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Bucket brigade and old school chips


revolead

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Okay, I won't argue these sound better. I won't even argue why use them. But I have to wonder: We live in the 21st century surrounded by all this technology. My roomate just got a 64-bit AMD chip for his compy. So why can't we take a chip that can make computers run at blazing speeds or chips that operate cameras or other things, and turn them into chips that would be just as good for guitar stuff as a BBD "bucket brigade" or a JRC chip of the 60s and 70s?

 

I know we've got all this digital modeling stuff that utilizes advanced chips to create these old chips, but wouldn't it work better just to recreate the original chip? Am I missing something here? I'm too young to know all this guys. Help! Please!

Shut up and play.
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Originally posted by Prague:

The "chips" in the 60's and 70's would have been Lay's potato chips. Even a simple caluculator was expensive.

 

Most of the effects were made with discrete components, which can be hand-built today.

Not the way they advertise the stuff. The whol boutique market glorifies these terms, so what's up with that?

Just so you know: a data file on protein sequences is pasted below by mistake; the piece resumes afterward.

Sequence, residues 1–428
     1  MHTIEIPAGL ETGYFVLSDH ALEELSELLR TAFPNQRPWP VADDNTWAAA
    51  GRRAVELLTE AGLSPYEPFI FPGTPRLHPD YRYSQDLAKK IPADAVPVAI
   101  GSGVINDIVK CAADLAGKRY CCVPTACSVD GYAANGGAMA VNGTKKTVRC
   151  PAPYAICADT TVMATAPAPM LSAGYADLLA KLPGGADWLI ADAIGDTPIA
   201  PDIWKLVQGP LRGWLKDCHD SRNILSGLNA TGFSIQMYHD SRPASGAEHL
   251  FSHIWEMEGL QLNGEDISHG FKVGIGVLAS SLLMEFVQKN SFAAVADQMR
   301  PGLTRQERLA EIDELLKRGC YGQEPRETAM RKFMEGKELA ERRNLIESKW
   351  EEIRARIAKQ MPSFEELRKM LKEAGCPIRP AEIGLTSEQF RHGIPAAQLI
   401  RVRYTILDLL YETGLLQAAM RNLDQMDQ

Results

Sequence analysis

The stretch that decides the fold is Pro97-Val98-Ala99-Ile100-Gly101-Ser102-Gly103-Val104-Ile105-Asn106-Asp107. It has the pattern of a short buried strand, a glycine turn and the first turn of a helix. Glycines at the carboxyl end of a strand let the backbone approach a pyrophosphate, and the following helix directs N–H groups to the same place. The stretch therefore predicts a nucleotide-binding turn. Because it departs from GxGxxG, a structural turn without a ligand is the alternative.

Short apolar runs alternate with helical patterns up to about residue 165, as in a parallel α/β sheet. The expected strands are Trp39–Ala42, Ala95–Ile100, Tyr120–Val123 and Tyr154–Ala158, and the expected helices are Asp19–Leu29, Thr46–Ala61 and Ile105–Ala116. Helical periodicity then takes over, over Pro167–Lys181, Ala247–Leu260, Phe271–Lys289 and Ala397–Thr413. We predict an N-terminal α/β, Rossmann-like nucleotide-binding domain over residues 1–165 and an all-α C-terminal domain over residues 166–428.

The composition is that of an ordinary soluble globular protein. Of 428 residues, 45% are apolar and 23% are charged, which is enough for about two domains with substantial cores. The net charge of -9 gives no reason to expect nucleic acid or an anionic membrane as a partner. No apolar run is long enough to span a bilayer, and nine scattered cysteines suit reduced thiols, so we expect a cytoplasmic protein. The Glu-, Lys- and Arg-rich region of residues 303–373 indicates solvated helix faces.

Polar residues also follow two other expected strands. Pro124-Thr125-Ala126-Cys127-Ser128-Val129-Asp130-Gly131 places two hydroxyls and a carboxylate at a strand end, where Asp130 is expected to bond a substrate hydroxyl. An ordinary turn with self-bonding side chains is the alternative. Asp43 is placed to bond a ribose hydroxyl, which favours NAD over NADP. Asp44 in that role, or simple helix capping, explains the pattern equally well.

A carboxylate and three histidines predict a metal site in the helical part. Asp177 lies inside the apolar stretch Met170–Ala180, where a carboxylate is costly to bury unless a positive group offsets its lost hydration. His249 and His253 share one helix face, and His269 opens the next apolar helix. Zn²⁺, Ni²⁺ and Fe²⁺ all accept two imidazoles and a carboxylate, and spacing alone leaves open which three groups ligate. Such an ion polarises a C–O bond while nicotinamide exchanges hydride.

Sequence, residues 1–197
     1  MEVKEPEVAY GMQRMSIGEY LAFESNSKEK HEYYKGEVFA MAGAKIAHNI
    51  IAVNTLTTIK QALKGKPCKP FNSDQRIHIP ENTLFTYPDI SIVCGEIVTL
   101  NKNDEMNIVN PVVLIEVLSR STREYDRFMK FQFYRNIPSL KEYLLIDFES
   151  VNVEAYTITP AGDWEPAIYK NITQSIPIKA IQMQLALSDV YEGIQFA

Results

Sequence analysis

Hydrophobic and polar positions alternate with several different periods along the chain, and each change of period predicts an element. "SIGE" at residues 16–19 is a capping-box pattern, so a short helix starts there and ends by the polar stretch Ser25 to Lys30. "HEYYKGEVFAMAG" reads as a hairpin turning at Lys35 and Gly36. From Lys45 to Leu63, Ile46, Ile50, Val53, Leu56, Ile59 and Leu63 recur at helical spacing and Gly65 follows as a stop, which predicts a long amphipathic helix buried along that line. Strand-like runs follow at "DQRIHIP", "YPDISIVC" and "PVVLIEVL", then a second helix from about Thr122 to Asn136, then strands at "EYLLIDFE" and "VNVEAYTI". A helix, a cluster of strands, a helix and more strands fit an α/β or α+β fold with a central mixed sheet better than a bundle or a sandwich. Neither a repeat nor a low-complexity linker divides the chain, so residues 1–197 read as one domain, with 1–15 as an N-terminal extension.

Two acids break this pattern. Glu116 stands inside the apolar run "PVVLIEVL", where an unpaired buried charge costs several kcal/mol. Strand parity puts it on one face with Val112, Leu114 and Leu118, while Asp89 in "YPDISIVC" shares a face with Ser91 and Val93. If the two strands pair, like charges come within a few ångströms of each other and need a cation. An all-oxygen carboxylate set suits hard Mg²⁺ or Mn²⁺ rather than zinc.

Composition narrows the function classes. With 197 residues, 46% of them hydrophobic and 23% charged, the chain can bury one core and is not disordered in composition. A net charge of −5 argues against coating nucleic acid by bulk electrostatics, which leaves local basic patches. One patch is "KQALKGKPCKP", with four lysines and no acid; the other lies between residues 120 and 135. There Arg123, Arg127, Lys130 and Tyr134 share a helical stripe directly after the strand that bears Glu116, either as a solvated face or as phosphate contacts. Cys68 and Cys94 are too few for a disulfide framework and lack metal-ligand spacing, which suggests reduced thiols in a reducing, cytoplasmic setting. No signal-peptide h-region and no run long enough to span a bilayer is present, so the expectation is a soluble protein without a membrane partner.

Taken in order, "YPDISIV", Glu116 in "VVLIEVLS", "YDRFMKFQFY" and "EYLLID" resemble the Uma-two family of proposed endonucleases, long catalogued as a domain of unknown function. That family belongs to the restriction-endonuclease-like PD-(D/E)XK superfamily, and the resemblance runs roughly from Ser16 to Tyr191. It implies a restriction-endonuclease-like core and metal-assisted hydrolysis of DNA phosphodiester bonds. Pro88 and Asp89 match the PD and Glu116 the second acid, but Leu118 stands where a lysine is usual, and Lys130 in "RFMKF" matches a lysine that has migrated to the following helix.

Shut up and play.
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I'm not sure what the JRC chip is. What is JRC?

 

As for their marketing, who knows? "Chips" were extremely limited in the late 70's. They could easily be calling a single op-amp a chip, which is technically correct. It only has 8 legs though! Amongst engineers, those chips are amost now referred to as discrete components.

 

Bucket-brigades are pure analog. Capacitors. Perhaps an amp chip was used at the end of the chain.

 

I would certainly use the term "transistor" for 60's and 70's effects. I would sure look at a schematic before I ever used the word chip, though.

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Originally posted by Prague:

I'm not sure what the JRC chip is. What is JRC?

Robert Keeley:

"The TS808 needs mod work! It is really the same thing as the TS9 re-issue with just a new JRC chip in it. But the chip is not the main problem with the unit or the magic part needed to make it sound perfect. "
I have no idea either. It just get's mentioned a lot with tubescreamers and overdrives.
Shut up and play.
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Ahh. Japan Radio Co. made a dual op-amp. It was a simple 8 pin chip. Very basic bread and butter. TI, and most any other maker, has a 4558 that is a direct replacement. The original "JRC" was from about 1982.

 

It was made when the technology was relatively new and these amps had their characteristic sound.

 

As to your original question, yes. The characteristics of the JRC amp, and the TS-8 or whatever, can be modeled just like the Marshall's are being modeled by Line 6.

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